Well that changes things, but most likely it replaces one problem with a different problem. The thing is: how would you know if the second thread had already sent the notify() signal, before the first thread entered the wait()? If you enter wait() after notify() was already sent, you may wait forever. Or time out if you use that version of wait(). Not good. Usually you need both threads to share some information (e.g. a flag) so that the thread-which-waits can determine whether the condition-it-waits-for has already occurred or not. Which is why I assumed that flag was not a local variable. For what you've described so far, it may be OK for flag to be local, but you will probably need some additional nonlocal variable to transmit the required information. And that nonlocal variable should only be accessed from inside sync blocks, because its purpose is to transmit info from one thread to another.
[ May 16, 2006: Message edited by: Jim Yingst ]
 
Thirumurugan Mylrajan
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Originally posted by Jim Yingst:

The thing is: how would you know if the second thread had already sent the notify() signal, before the first thread entered the wait()? If you enter wait() after notify() was already sent, you may wait forever .. Usually you need both threads to share some information (e.g. a flag) so that the thread-which-waits can determine whether the condition-it-waits-for has already occurred or not.
[ May 16, 2006: Message edited by: Jim Yingst ][/QB]


In the code


The presence of the lock object on the Arraylist is the conditon for wait or notify. The flag is just a tempoary placeholder to separate the sync blocks.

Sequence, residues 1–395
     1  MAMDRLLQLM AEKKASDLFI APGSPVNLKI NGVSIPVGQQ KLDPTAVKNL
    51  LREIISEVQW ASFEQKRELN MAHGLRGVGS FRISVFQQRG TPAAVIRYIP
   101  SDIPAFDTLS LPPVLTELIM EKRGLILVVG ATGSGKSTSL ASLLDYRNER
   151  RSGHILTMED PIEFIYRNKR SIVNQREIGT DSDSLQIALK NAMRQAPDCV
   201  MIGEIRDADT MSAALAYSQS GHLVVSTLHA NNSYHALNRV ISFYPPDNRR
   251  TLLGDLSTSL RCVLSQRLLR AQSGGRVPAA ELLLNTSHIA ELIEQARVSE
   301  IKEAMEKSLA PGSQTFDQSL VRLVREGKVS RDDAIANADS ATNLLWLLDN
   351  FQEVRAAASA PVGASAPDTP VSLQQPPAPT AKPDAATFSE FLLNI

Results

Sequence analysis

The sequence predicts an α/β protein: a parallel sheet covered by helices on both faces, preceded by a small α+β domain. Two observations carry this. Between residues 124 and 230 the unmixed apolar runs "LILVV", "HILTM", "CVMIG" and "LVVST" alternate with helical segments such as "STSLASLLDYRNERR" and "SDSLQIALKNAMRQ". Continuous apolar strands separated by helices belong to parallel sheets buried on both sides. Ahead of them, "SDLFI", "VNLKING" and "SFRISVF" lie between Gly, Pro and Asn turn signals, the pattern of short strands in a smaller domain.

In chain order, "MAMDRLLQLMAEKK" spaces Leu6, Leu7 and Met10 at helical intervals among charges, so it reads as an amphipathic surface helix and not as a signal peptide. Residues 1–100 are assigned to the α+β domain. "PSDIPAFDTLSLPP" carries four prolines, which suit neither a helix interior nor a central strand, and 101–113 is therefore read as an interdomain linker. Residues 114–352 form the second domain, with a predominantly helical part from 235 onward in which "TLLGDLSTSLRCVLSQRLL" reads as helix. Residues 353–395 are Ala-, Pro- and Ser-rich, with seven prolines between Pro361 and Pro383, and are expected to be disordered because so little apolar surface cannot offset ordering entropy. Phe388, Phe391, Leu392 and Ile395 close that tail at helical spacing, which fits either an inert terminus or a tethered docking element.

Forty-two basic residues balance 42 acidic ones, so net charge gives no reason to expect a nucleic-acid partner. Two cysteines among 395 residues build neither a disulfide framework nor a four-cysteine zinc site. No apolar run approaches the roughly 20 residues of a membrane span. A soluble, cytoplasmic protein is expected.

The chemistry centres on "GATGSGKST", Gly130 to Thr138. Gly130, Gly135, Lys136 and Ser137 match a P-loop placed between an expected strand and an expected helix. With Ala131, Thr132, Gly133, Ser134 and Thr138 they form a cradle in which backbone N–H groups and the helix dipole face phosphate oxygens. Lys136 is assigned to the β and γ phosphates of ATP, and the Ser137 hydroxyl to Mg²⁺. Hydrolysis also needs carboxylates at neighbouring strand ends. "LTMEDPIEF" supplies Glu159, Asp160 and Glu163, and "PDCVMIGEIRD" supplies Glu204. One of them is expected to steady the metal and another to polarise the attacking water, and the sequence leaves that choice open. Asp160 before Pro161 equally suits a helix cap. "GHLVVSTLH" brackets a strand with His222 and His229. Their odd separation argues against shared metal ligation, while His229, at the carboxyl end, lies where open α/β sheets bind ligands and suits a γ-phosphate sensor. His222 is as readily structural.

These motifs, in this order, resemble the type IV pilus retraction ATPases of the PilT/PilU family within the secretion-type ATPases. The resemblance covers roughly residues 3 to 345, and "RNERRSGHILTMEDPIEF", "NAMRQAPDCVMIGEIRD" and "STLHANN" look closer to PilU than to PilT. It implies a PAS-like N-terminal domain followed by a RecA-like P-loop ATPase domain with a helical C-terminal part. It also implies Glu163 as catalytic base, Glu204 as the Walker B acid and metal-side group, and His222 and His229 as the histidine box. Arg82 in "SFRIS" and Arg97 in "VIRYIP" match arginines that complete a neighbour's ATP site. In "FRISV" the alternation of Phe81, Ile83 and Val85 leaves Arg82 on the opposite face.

Threads are becomming scary


Lot of issues which I never thought are coming up..
 
Jim Yingst
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All right, it looks like I probably read some of the earlier posts too quickly and missed some details. However I'm still not sure I understand just how these threads are related, and what they're intended to accomplish. However, I note that there's really no way that the line "if (flag == true)" will ever see a value of false, because if the arraylist had not contained the lock, an exception would have been thrown. So the flag seems to be completely redundant here. Or you could just replace "throw error" with "log error message" or something similar, and then the flag becomes useful again.

I hope that helps...
 
Thirumurugan Mylrajan
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Thanks for your time Jim. I actually posted the partial code for unlock.


But here as you mentioned before, I is possible that at an instant when executing if, another thread might notify on the lock, leaving this wating forever.

Since I have the luxury of considering Java 1.5, I am looking at reentrant locks which might suit my purpose.

Thanks.